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Second quarter of growth for Tesco

Published:  23 June, 2016

Like-for-like sales are up at FTSE 100 giant Tesco, where sales grew by 0.9% for the 13 weeks to 28 May 2016.

In its most recent sales figures, Tesco posted positive like-for-like sales growth in all regions.

Like-for-like sales growth in the combined UK & ROI business was 0.3%, representing a second quarter of growth.

In the UK, the megastore's figures were helped by the March launch of seven new exclusive fresh-food brands.

Tesco has been streamlining its business strategy in recent months, having announced proposed sales of satellite businesses Giraffe and Kipa, Tesco's business in Turkey, on June 10.

"It's clear the new Tesco boss means business and he has been bold in his decisions. Tesco seem to have finally identified what keeps its customers happy and we've waved goodbye to 24 hour opening in many stores and fringe businesses like Dobbies and Giraffe as a result. The series of brave moves are paying off and the focus is rightly on lowering prices and introducing more choice," said Hannah Maundrell, editor in chief at

Tesco, which has struggled significantly in recent years, has seen two thirds of customers buying products from its new ranges, with a total deflationary impact on sales of around (0.7)%.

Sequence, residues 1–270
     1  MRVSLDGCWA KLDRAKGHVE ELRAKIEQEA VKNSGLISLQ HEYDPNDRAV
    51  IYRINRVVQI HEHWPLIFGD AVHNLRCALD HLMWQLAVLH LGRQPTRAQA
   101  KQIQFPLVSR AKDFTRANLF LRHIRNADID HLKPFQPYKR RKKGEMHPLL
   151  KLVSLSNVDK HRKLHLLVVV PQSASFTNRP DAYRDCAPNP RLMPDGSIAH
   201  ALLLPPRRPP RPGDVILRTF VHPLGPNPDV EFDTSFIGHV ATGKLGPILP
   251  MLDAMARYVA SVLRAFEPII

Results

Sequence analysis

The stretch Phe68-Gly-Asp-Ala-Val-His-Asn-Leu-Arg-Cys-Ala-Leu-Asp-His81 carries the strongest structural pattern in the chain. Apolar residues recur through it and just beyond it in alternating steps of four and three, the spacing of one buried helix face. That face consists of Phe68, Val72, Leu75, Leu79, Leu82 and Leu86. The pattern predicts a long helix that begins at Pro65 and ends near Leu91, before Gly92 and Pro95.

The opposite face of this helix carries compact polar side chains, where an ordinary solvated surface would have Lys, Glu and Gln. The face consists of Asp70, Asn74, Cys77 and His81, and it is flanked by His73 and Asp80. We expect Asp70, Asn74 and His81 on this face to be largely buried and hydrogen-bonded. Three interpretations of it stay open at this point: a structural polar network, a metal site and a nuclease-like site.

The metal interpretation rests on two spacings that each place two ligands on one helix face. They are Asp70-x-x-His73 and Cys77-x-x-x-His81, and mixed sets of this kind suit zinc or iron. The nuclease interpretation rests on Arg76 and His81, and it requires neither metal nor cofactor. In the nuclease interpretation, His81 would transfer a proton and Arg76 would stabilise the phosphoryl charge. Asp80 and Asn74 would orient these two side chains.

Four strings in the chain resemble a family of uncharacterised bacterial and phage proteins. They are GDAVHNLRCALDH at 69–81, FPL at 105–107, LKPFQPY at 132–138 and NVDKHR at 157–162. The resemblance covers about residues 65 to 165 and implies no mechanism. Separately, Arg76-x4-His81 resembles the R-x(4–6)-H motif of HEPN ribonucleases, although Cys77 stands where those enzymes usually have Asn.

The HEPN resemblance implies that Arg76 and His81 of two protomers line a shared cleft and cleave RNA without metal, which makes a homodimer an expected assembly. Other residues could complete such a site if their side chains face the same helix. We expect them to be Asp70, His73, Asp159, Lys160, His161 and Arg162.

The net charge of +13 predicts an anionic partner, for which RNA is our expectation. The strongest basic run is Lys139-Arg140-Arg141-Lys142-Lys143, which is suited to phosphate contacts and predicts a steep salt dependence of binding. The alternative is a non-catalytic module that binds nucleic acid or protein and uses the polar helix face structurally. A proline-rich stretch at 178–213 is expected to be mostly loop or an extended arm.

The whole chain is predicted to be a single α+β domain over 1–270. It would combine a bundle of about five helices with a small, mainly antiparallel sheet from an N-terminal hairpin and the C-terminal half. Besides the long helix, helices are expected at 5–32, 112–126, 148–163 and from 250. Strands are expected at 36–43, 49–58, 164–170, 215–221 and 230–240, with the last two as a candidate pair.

Dave Lewis, Tesco Plc's chief executive, said: "We have delivered a second quarter of positive like-for-like sales growth across all parts of the Group in what remains a challenging market with sustained deflation. In both the UK and Internationally, we are putting customers at the centre of everything we do and re-configuring our business to serve them a little better every day.

"Our new fresh food brands are performing very well, with over two-thirds of our customers having bought products from the new range. We are encouraged by the progress we are making. By growing volumes, transforming the way we work together with our suppliers, and further optimising our store operating model we are rebuilding profitability in a sustainable way."

Despite positive results, Maundrell added that Tesco's image is suffering due to its failure to sign up to the NFU fruit and veg pledge, which aims to help to reduce costs and wastage.

"It's disappointing Tesco has yet to sign the NFU fruit and veg pledge - they ought to lead by example and be the first of the biggest chains to do so. Tesco's image has suffered over the past few years and this could take them one step closer to getting shoppers to view the brand more ethically. If Aldi and Lidl can give farmers a fair deal and keep prices low for customers, surely Tesco can too."